Friday, January 09, 2009

This could work either way for us...

Do you feel like you compete with the guys in FJ and TP, or just your actual neighbors?  It could make a difference in your competitive drive.
If you've ever had to take a test in a room with a lot of people, you may be able to relate to this study: The more people you're competing against, it turns out, the less motivated and competitive you are. Psychologists observed this pattern across several different situations. Students taking standardized tests in more crowded venues got lower scores. Students asked to complete a short general-knowledge test as fast as possible to win a prize if they were in the fastest 20 percent completed it faster if they were told that they were competing against 10 people rather than 100. Students asked how fast they would run in a race for a $1,000 prize if they finished in the top 10 percent said they would run faster in a race against 50 people rather than 500. Similarly, students contemplating a job interview or Facebook-friending contest said they would be less competitive if they expected more competitors - even if "winning" only required finishing in the top 20 percent. The authors conclude that competitiveness was curtailed because the larger the group, the more difficult it is to compare oneself directly to others. [More][More]
We tend to overplay I think the anxiety-producing and socially corrosive aspects of competition too much, even as our professions becomes more intensely competitive. These are also attitudes prominent is well-established producers who have more to lose than gain. Understanding where those judgments come from might be a good start. An even deeper look at invisible competition from Tyler Cowen:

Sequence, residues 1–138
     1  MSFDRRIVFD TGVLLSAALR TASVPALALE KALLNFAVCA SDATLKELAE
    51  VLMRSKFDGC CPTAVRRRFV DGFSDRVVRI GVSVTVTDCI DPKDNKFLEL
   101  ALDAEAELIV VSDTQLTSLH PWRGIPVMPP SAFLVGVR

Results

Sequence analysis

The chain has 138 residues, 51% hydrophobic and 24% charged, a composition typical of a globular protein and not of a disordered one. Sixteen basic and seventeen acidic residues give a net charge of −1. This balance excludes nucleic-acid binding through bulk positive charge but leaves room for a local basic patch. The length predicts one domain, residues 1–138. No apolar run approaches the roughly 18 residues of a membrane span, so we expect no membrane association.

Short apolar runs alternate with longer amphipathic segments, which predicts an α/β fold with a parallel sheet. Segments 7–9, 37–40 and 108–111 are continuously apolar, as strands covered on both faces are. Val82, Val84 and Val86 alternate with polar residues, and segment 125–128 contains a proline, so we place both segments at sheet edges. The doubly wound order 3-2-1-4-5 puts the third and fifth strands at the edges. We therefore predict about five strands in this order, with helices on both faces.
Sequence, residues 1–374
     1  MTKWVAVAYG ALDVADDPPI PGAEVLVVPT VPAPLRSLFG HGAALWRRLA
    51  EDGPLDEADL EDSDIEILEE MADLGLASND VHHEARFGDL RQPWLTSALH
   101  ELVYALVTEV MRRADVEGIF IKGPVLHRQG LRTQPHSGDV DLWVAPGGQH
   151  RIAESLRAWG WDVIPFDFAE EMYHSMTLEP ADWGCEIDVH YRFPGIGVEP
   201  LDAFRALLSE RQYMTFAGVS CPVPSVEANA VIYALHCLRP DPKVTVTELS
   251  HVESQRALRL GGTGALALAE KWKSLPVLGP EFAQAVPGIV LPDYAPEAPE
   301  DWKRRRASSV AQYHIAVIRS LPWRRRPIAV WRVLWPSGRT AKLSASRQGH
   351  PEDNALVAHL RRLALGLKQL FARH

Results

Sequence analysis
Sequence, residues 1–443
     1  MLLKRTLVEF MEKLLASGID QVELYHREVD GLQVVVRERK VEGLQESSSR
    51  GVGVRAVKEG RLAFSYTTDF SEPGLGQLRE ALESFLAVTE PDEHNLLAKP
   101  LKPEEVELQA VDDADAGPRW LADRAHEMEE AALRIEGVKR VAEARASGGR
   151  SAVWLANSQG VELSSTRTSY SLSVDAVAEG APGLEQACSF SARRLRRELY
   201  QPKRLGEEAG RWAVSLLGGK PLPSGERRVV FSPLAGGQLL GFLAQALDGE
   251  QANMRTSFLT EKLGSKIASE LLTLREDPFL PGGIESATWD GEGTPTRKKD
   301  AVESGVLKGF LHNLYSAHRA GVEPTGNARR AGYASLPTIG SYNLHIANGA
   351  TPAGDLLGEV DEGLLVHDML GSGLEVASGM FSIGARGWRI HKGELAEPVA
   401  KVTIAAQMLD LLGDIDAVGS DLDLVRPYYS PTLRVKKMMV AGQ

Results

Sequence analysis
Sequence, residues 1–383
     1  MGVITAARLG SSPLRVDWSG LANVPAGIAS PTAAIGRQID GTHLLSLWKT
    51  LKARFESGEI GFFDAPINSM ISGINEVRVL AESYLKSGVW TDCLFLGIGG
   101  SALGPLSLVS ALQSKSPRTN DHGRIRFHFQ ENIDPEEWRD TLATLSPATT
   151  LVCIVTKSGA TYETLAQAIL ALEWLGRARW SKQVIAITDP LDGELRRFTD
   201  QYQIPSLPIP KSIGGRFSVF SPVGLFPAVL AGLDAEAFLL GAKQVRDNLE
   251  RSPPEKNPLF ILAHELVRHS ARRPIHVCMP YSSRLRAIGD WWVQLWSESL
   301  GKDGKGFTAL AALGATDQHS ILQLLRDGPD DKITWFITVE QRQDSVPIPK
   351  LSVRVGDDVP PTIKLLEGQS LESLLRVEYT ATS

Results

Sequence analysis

We tend to forget that competition often breeds cooperation. What is the contest between Archie and Reggie for the attention of Veronica but a bid for an alliance, a cooperative relationship? Very often, cooperation is needed even before one can compete. In order to succeed in the global marketplace, corporations strive mightily to instill the cooperative spirit in their employees, training them, investing in a shared corporate identity, and working to keep up workplace morale. And as both businesses and individuals become more successful, they are brought into more numerous relationships with other firms and people that require coordination and collaboration. Managing these proliferating relationships has become a major preoccupation of American ­business.
The same technologies that foster invisible competition also promote new kinds of social ties and cooperation. Through my blog I come into contact with strangers around the world, and some I eventually meet for interesting meals and conversations. Even before she started her freshman year of college this fall, my stepdaughter was trading instant messages with her future classmates, starting new friendships with people she had never seen. Of course, she might use Facebook to get a competitive edge in flirting with some guy; that just shows again how closely competition and cooperation are ­intertwined. [More]
 I'm still trying to decide what if anything this says about global competition in agriculture.  I do know I think differently about how my farm needs to perform after going to national meetings and especially after visiting to farmers overseas.  Does it make me a better farmer?
That's a tougher call.

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